Peruvians are very serious about their appearance

The people of Peru like to follow a very strict dress code. At work they still show up in ties and business suits. T-shirts, shorts and flip-flops are only appropriate attire for a beach party. You should not come to the party dressed like that. Before you come to a wedding or other event, it is worth to clarify the acceptable form of clothing. Otherwise, you may inadvertently offend those present. For example, dressed up too magnificent or, conversely, too modest.

Conductors in buses not only charge for travel

In Peru’s capital the most popular form of public transport is buses. Trip on them can be a real test for the nervous system of unprepared people. There are a lot of routes, and serve them with large cars, medium-sized and minibuses. The latter are famous for their liveliness and dashing on the road. The main streets and avenues passed by the vehicle are usually written on the side of the car. And the number consists of a combination of letters and numbers.

As the bus travels down the street, the conductor at the door calls out to passengers. He can also tell travelers the exact route. Ticket is bought from him. It is advisable to pay in small bills, without change. Earlier buses stopped on demand. The passenger had to shout loudly enough that he wanted to get off at a particular place. Now that technique doesn’t work everywhere. Transportation fleets still mostly consist of old and not very comfortable cars.

Cash is preferred for payment in Peru

Many Peruvian establishments accept not only local currency, but also dollars. Foreign bills are subject to certain requirements: no chips, scuffs, dents or tears. Otherwise the money will simply not be accepted. Another common problem is the circulation of counterfeit banknotes. This is usually encountered by tourists or people who have recently moved to Peru. Real bills are easy to identify to the touch – they are made of cotton. The watermarks and serial number should be clearly visible, and the color should change when the paper is twisted in your hands. It is possible to pay for services in cash or by bank card. But the first method is preferred. It is always better to have change, because not every institution can change a large bill.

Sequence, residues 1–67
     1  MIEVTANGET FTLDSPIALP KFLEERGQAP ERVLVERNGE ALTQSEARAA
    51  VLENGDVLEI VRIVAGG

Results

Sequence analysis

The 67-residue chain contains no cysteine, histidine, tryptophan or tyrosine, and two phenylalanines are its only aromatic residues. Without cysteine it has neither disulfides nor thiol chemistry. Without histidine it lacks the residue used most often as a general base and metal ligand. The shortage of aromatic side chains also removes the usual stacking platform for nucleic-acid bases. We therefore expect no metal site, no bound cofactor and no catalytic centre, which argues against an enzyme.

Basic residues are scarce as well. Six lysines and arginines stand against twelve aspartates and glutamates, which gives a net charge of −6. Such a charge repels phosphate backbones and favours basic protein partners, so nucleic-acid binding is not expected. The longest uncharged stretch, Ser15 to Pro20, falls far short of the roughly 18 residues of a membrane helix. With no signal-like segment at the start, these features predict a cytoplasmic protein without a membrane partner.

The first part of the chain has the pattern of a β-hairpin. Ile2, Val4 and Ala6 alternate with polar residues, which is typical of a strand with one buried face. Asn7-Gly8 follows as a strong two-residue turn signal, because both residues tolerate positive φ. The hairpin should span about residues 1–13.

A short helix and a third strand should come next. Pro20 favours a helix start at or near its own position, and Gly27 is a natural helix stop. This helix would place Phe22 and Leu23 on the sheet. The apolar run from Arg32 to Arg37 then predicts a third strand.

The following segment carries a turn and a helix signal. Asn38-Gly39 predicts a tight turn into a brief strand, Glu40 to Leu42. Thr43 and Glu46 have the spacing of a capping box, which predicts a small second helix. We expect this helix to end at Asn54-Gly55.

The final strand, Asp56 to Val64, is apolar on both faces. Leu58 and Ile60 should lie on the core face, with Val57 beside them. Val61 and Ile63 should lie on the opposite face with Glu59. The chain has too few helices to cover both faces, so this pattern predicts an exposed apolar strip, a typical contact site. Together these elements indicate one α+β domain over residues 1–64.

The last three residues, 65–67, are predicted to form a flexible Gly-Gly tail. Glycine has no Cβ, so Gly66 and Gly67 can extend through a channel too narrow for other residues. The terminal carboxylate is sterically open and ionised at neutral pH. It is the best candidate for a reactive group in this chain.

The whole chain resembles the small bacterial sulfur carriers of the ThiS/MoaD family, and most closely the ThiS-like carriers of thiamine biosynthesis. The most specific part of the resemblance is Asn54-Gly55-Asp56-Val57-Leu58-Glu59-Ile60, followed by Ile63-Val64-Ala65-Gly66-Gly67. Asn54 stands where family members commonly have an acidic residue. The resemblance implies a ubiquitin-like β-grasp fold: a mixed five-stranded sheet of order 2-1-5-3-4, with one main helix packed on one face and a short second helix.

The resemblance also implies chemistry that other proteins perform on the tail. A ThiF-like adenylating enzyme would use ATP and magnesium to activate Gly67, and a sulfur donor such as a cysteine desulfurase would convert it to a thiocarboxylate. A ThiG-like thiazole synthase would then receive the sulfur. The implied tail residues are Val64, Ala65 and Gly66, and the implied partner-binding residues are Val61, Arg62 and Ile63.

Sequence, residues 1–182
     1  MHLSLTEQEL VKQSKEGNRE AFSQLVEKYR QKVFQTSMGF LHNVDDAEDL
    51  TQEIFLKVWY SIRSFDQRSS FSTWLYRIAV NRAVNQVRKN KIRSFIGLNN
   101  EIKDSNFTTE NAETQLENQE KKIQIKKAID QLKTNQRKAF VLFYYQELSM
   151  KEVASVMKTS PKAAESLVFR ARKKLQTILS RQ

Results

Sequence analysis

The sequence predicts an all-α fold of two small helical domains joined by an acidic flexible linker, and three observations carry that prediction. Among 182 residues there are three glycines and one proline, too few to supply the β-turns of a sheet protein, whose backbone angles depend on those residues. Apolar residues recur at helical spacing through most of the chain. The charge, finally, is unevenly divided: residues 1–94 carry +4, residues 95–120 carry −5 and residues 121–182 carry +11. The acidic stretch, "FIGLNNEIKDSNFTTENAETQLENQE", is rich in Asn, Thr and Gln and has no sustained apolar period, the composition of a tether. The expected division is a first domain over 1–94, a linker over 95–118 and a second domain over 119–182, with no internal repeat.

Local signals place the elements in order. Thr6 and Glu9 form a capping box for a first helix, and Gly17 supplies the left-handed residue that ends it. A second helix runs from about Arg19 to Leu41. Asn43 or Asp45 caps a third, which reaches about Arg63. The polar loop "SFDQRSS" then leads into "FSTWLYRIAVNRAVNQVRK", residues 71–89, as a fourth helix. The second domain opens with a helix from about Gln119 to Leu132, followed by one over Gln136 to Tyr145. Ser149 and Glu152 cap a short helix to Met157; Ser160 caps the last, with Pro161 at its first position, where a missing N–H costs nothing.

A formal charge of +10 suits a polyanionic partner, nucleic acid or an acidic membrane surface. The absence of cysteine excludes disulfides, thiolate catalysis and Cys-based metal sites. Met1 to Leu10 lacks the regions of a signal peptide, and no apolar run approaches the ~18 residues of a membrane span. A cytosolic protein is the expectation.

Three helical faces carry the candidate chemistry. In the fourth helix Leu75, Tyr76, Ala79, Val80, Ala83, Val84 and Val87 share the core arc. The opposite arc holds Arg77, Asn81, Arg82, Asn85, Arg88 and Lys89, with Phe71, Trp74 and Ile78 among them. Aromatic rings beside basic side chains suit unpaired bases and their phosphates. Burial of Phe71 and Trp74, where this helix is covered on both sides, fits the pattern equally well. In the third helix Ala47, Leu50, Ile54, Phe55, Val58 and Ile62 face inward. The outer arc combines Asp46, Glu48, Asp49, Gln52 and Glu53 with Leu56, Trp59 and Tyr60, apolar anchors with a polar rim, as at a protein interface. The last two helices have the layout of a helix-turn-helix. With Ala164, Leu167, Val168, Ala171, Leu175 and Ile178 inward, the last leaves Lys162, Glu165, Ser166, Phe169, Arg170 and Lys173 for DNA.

To drive a car on local roads, you need to have nerves of iron

Driving on the roads here is a special kind of art. Big cities suffer from traffic jams, and in the countryside the quality of the roads can be frustrating. In the nation’s capital, residents sometimes have to get up before dawn to get to work on time. Otherwise, one may get stuck in a real traffic jam. Not everyone uses turn signals. If someone is planning to change lanes, he usually indicates the direction by sticking his hand out the window.

Behind the wheel, you need to stay calm and composed. Most drivers, regardless of gender and age love to play catch-up and try their best to slip ahead in all situations. Both motorists and pedestrians are advised to be careful when the traffic signal starts flashing. This is perceived as a call to increase speed, not to slow down. The concept of one-way traffic is usually simply ignored. If one lives on that street, one will not circle around the neighborhood to follow the traffic signs.

Peruvians have their own favorite kind of cola

The nation’s favorite drink is Inca Kola. The lemonade tastes like chewing gum and is drunk by everyone, from small to large, which does not make the local dentists too happy. Visitors are advised not to speak ill of the local cola: it may greatly offend the Peruvians. The country is famous for its varied and interesting cuisine. And not all dishes here are spicy. But aji sauce is really a tear-jerker, it should be added to food with caution. The most famous dish, ceviche, can be an appetizer as well as a main course. It is slices of raw fish soaked in a lemon sauce. It is better to eat ceviche at trusted restaurants because the marinade does not kill all the bacteria.

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Groceries are inexpensive. 1 kg of fresh shrimp will cost about $10. The bill for lunch at a sidewalk café is $3, and to eat at a decent restaurant for more than $50 would be a challenge. It is quite safe to eat in street establishments. The main thing is to avoid mayonnaise-based sauces if possible, as they can go bad. Peruvians are proud of their culinary traditions. That is why it is hard to find restaurants that specialize in Western cuisine. There are several international chains, such as Pizza Hut and KFC. But they are not particularly popular.

In some hotels it is easier to find an oxygen tank than a hairdryer or an alarm clock

Peru has a peculiar system of dividing hotels into different types. Hotels are usually referred to as expensive and fashionable establishments. Some are part of international chains. Simpler and private pensions are referred to as hostels. Do not confuse them with the usual hostels. Budget options offer a fairly high level of service. Moreover, the owners of such places try to do everything possible to make their guests happy staying at their hotel.